Why it’s important to suffer

I’m often asked why I do the events that I do; why I enjoy ultra-endurance cycling given the costs in time, effort and money. The answer is simple. I want to know what I’m physically and mentally capable of – and it’s only through suffering the worst conditions that you can get a real baseline.

Suffering is something we all think we want to avoid, yet in a society with more comforts than ever before we have seen a rise in people taking part in “sufferfests” – events specifically designed to challenge those mad enough to give them a go and test what they’re made of.

Suffering isn’t just something to passively endure; it can be used productively and is an important part of living, provided we find a controlled and relatively safe manner to do it in.

When competing in 24-hour races (especially those in the winter), the scene is set for you to really test yourself. On that day, you have one mission. You have 24-hours to push yourself to a point where you throw up, see things that aren’t there and fall asleep in the snow. But it’s the suffering we remember and what keeps us coming back… even after promising to never do another!

Below are three of the reasons on why I believe it’s important to push your mind and body to a point where they are suffering.

Me after competing in Mountain Mayhem
How you look after riding for 22 hours within a day!

Understanding your limit

My passion is finding out what I’m made of and what I can do on any given day – not just for the days I’ve trained for and not how I perform relative to the next guy.

When undertaking events like this, you find out how much pain and suffering you can take and keep ploughing on through. You’re able to push through your pain barriers and – regardless of how delirious and sleep deprived you are – you keep riding.

At the end of the race you’ve learnt something. You’ve gained a real insight into what you’re like in a truly raw state and you know that no matter how bad it got, no matter how much you were suffering, you shook it off, dug a little deeper and carried on. You learnt that suffering is temporary and you’re better off for having gone through it.

Sounding masochistic enough yet?

Brain-drugs – exercise and pain

The brain has many tricks to keep you going and to make you enjoy the exercise, regardless of how much pain you’re in. This includes two of the main hormones the brain and body produce to get you through the thick of it: epinephrine and the endorphins.

Epinephrine is the scientific name for adrenaline and is released both during exercise and when you’re stressed. It readies the body for action in several ways, including increasing blood flow to your muscles and increasing your blood sugar level.

The adrenaline rush you get before taking on something as stupid like an ultra is huge!

You feel like your veins are on fire and you have a ton of energy. You can’t wait to start, even when you know how much pain is coming your way. When the pain kicks in, you keep getting topped up with a little more adrenaline; getting you ready for the next punishing hill, tricky descent or even to get you up again after the next crash!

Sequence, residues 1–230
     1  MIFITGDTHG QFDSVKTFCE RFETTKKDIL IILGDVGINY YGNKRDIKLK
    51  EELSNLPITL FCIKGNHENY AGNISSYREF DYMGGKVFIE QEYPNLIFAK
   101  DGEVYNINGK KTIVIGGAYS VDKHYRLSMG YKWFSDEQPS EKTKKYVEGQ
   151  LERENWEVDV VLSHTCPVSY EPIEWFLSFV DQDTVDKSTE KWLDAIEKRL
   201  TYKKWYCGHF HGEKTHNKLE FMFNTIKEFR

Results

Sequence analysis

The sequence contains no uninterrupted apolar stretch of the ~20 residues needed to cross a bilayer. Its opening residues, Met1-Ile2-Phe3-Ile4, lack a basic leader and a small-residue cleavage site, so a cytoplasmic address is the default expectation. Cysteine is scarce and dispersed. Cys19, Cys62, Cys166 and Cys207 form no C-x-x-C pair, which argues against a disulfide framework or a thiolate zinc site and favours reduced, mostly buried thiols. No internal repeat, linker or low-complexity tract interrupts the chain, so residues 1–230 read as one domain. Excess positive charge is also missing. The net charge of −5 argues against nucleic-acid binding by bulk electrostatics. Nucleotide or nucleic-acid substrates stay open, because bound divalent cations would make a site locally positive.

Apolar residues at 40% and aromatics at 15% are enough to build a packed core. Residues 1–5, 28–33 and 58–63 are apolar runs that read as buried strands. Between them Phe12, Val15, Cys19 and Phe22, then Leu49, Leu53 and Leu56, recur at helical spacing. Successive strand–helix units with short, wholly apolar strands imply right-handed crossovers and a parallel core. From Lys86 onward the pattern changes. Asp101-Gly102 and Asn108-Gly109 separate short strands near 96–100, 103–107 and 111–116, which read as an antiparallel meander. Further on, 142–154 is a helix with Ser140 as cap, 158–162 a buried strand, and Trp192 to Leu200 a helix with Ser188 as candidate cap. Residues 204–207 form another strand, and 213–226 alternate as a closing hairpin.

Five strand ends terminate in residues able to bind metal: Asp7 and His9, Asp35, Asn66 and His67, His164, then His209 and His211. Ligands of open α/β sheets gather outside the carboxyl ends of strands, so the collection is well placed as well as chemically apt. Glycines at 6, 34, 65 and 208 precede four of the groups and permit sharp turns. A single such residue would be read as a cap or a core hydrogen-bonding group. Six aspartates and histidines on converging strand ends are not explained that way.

When the pain really starts kicking in, the body reacts again, but this time with endorphins. Endorphins are the body’s natural pain killers. While reducing the sensation of pain, they also make you feel better about literally everything else! Interacting with the opiate-receptors in the brain, they make you euphoric. That’s right – you can get high on the pain and suffering itself! They are not only incredibly strong, non-addictive, pain-killers that act like morphine, they also come with a ton of other long-lasting benefits. They reduce stress, boost your immune system and even release more sex hormones!

The concoction of chemicals your brain produces after experiencing pain is good for you in amazing ways and you’re probably going to feel great long after the initial post-exercise high wears off. The euphoria you feel immediately after really pushing your limits is all-encompassing. It’s a state of blissful relaxation that you can only get after pushing your mind and body to a point that you’re suffering.

Achievement

Whether it’s finally nailing a technical section of trail you’ve been trying to get right for a while or coming to the end of a long cycling tour, there’s a real sense of achievement when you finally accomplish something you found difficult. To an extent, the more difficult you find it and the further out of your comfort zone you are, the more rewarding it is!

What most people try to forget is the hardship that got you there. Would it have been so fulfilling without having had to slog it out in training and endure the crashes and pain? No, the amount of suffering is often used as the metric of how much of an achievement something is.

While it may not feel like it at the time, it’s always worth it for the sense of having achieved something great!

Conclusion

Suffering sucks –  no doubt about that! But our relationship with it is a lot more complex than that. It gives us a sense of achievement; it gives us a baseline of what we can do; it proves that we can get over things we weren’t expecting; it makes us stronger – and it even gets us high!

The positive effects of ultra-endurance cycling, and suffering in general, last far longer than the time we endure it. So next time you’re suffering, realise it, acknowledge it… and know you’re better than it. You will win – you did last time and you will again!

 

 

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